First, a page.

Letter to John Forsyth from Jefferson Davis


In this letter, Davis is acknowledging the need to utilize all men, regardless of color, in the Confederacy forces and entreating Forsyth to use his newspaper to help the Confederate cause.


Richmond Va. Feb 21. 1865 [1] 

My Dear Sir: [2] 

You will readily understand why, during the Session of Congress, any private correspondence should be in arrears- I have now, though it may seem late, to thank you for your letter of 31st Dec

The article enclosed from the Register and Advertiser is a substantial expression of my own views on the subject of employing for the defence of our Country all the able-bodied men we have without distinction of color – It is now becoming daily more evident to all reflecting persons that we are reduced to choosing whether the negroes shall fight for or against us, and that all arguments as to the positive advantages or disadvantages of employing them are beside the question, which is simply one of relative advantage between having their fighting element in our ranks or in those of our enemy.

On the other topic suggested by you, of making use of this subject as an aid to foreign negotiations, you will appreciate the obligation of reticence imposed on me in these matters; and I can only say that I perceive no discordance in the views you express from what wise policy would dictate – So far, therefore, from obstructing any effort that the government may be or may have making in the hope of securing our independence, the influence of your Journal in the line which you propose to take would be of valuable assistance –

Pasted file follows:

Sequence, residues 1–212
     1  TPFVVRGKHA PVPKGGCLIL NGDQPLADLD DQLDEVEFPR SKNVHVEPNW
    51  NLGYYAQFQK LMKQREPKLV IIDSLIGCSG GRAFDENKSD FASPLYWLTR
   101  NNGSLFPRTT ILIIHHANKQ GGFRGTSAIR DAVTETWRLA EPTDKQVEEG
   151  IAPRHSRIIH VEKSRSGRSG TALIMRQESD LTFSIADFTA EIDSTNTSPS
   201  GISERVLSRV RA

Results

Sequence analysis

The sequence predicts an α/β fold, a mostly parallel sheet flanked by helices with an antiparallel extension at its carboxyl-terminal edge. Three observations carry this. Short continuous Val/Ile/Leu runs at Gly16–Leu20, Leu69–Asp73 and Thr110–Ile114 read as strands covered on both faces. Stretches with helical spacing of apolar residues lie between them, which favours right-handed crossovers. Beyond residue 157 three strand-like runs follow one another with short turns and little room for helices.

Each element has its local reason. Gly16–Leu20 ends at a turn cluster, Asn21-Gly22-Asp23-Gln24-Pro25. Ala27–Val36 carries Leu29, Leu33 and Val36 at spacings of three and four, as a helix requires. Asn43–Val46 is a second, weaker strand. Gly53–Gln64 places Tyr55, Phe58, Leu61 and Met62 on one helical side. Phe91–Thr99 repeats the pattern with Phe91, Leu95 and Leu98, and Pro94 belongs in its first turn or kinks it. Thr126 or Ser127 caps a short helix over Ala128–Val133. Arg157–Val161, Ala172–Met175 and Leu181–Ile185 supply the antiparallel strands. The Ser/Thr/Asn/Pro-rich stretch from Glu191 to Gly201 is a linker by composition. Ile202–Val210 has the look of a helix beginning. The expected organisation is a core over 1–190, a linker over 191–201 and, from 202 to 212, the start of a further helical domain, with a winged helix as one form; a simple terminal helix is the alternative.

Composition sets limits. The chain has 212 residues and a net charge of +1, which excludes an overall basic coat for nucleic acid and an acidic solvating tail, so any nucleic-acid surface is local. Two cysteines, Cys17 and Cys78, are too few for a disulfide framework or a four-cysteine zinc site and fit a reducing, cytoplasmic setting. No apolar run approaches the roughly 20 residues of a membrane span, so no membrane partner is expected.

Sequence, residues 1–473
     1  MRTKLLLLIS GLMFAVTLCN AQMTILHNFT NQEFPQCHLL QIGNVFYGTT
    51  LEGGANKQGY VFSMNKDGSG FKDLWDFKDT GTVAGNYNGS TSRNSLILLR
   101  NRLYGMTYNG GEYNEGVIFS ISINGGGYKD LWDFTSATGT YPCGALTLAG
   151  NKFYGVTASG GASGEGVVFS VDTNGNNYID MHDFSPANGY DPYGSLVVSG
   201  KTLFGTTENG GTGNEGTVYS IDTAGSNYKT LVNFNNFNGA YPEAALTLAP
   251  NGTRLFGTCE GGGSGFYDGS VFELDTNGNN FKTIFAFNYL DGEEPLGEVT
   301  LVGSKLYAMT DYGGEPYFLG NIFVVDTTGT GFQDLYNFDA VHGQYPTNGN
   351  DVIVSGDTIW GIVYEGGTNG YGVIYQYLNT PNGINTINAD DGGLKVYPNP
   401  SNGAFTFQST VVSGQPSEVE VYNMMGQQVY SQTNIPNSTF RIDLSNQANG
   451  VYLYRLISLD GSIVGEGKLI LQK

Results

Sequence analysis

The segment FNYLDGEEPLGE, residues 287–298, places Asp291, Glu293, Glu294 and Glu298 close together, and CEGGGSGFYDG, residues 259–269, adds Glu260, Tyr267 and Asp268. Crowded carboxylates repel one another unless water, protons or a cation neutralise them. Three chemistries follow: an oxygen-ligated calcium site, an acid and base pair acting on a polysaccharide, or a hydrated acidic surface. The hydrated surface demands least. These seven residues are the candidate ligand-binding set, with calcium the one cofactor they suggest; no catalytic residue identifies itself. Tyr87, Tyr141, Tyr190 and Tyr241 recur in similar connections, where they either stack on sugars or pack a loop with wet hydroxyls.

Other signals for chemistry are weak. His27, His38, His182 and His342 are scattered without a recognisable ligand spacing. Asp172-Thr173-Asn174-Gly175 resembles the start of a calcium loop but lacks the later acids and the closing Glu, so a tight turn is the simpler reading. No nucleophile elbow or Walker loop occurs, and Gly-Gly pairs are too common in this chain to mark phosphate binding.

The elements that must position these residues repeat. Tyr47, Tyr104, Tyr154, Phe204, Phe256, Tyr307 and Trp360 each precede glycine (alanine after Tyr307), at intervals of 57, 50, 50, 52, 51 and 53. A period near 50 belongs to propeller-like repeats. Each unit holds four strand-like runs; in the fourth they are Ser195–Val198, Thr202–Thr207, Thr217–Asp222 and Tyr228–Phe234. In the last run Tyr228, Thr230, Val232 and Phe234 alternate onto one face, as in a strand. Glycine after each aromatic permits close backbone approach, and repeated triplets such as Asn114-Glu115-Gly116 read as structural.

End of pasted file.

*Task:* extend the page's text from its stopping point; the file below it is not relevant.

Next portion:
With many thanks for your offer of cordial support in my labors for the success of our common cause, I am, Very truly and respy Yours

                                                                                                               (Signed)  Jeffn,, Davis




The Papers of Jefferson Davis


[1] The Papers of Jefferson Davis, Volume 11, pp. 412-13.  Rice University. Transcribed from a letter book copy at Tulane University. 

[2] John Forsyth, owner of the Mobile Advertiser and Register (later named Mobile Register) and then-Chief of Staff in the Confederate Army of Tennessee. 

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